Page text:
2017 was intended to be a landmark year for the development of ‘genomic services’ – a term coined by the Department for Health in 2012 when it launched the Genomes project. Whilst this year’s initial deadline has passed and been pushed back to 2018, all signs are still pointing towards DNA sequencing being the next big revolution in healthcare advances, with the intention of sequencing 100,000 genomes from NHS patients.
In the early noughties, scientists were hard at work developing the publication of the first complete genome in an effort to provide a DNA bible by which future medicine would abide. However, in 2017 DNA sequencing is now making itself uncompromisingly known in the daily lives of healthcare practitioners in some of the most important fields of treatment.
It’s often hard to anticipate how quickly society will make the bridge between science fiction and mainstream medical practice. However, this medical revolution is creating a sprawling mass of new data with which to develop treatments for previously untouchable diseases. Big corporates such as Philips and IBM are fast investing in research and the production of a complete DNA sequence can now be achieved in little under a day, at a cost that is dropping rapidly. It is soon projected to cost a mere $100 for this process. But, as well as representing a fundamental step-shift in treatment science, there are of course associated risks.
Medical insurers are rightly doing their due diligence for current and future policy. Interestingly, while insurers might have once been predominantly concerned with issues of negligence and malpractice in treatment, the threat profile is following general insurance practice and moving in the direction of the IT department. However, it is for this reason that questions begin to arise as to questions of ownership where data is concerned. Is our genetic information ‘property’?
This then raises further questions such as who owns it and what rights does the owner have over it? One of the co-discoverers of the BRCA1 and BRCA2 genes (that signal an increased risk of developing breast cancer) sought to patent its discovery in the US. A US court held that the genetic information already existed in nature and that naturally occurring compositions are (at least in the US) incapable of being patented. Elsewhere in the world though, companies have been able to patent naturally occurring genetic information.
Since the usual aim of obtaining a patent is to allow an invention to be maximised for commercial gain, this raises the spectre of the testing and treatment for certain genetic conditions being available only to those with deep enough pockets.
In the UK, our genetic data satisfies the definition of sensitive personal data within the Data Protection Act 1998, consisting of information regarding our “physical or mental health”. Such data must be held and processed within the strict provisions of the Act, in recognition of its value and sensitivity and the potential for it to be exploited. For example, how would we feel about the idea of an employer, or an insurer, having access to our genetic data? This then lays open the opportunity for decision making that is potentially discriminatory on genetic grounds – not necessarily for what is, but for what might be.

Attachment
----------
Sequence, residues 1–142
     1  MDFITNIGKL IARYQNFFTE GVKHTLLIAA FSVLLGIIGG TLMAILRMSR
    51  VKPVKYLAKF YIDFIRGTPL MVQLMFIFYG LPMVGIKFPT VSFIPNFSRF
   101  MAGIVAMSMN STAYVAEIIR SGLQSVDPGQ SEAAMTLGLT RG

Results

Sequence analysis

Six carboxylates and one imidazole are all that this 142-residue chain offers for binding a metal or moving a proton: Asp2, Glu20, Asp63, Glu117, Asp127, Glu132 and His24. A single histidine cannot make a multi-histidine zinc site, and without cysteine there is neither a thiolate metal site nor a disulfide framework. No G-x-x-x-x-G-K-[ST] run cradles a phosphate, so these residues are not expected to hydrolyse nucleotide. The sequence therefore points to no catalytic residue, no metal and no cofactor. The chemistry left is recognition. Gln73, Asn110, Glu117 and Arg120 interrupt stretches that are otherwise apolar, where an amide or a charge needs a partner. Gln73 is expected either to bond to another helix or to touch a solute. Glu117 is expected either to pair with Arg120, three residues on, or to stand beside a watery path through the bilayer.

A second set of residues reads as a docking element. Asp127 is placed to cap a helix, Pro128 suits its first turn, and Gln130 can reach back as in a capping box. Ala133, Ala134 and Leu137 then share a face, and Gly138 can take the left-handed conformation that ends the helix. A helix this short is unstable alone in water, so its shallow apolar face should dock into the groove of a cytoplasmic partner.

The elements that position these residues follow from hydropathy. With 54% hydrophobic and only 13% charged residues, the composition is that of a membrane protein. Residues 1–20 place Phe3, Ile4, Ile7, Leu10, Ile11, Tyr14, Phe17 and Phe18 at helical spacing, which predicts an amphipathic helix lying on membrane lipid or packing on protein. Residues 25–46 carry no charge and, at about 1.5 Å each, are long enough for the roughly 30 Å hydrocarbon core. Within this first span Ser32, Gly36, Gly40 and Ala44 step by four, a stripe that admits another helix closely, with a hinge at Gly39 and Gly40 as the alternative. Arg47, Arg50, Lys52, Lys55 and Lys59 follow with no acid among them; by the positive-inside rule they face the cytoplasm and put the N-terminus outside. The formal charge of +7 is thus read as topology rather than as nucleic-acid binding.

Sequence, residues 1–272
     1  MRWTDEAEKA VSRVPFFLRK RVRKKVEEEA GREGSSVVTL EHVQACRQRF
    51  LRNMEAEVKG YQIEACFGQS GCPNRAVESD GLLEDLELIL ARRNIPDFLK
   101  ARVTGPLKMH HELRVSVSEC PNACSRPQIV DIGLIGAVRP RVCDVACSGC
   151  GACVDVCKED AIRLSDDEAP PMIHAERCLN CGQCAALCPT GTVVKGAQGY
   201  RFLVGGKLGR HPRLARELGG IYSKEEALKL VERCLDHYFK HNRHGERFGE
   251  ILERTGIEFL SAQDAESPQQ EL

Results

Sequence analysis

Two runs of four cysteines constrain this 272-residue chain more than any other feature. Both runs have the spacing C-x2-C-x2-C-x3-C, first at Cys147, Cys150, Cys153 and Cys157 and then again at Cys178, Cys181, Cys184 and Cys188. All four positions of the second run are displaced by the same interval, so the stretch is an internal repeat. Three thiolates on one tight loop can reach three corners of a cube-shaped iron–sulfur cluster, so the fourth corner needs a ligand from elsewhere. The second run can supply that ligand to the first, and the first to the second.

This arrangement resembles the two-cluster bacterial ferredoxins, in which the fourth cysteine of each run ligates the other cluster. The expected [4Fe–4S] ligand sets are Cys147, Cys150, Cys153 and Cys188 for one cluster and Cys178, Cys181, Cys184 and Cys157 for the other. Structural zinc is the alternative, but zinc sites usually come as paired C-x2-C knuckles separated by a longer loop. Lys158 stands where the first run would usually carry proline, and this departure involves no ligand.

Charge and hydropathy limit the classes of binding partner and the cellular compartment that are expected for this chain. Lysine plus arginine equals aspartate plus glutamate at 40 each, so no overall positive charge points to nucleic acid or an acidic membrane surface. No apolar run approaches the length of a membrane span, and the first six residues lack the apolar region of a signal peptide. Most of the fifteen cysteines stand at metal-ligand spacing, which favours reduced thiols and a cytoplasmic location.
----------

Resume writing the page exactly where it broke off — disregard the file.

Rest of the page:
The uses to which our genetic data might be put are many and varied. There is huge potential for medical advancement, such as bespoke cancer treatments and also the risk of significant harm. In 2013, the US Food and Drug Administration determined that a particular genotyping test was intended for the “diagnosis of disease…or in the cure, mitigation, treatment or prevention of disease” and warned of the potential consequences of false positive or false negative results.
Worse still is the prospect of our genetic data falling into the ‘wrong hands’. A biological data breach is much more invasive than someone stealing your bank details – your biological passport can’t be restored and once it’s out there, your entire genetic make up is available to the highest bidder. As it becomes increasingly easier and cheaper to get hold of the data, obvious questions arise – how is my genetic data held? How securely, by whom and to what end?
The raw data from one genome alone amounts to around 200GB, with every genome offering millions of variants from a reference model. The data generated by the NHS Genomes project alone is therefore significant in itself, and all of it needs to be protected from those wanting to exploit it for the wrong reasons.
It is not only the data itself that is pointing out new and inevitable risk, but also how it is analysed. The huge numbers of DNA combinations inevitably require the assistance of artificial intelligence. This then opens up another door to cyber risk and extends the product liability chain beyond medical practitioners and manufacturers.
The potential for DNA Sequencing, both positive and negative, is clearly huge and it is very likely to pave the way towards significant and ground breaking medical advancements over the not too distant future. With the costs involved falling rapidly as technology advances, it’s not hard to see this very quickly becoming an industry in itself. And as with any industry, insurers will need to be prepared.
Written by Greg McEwen, partner at BLM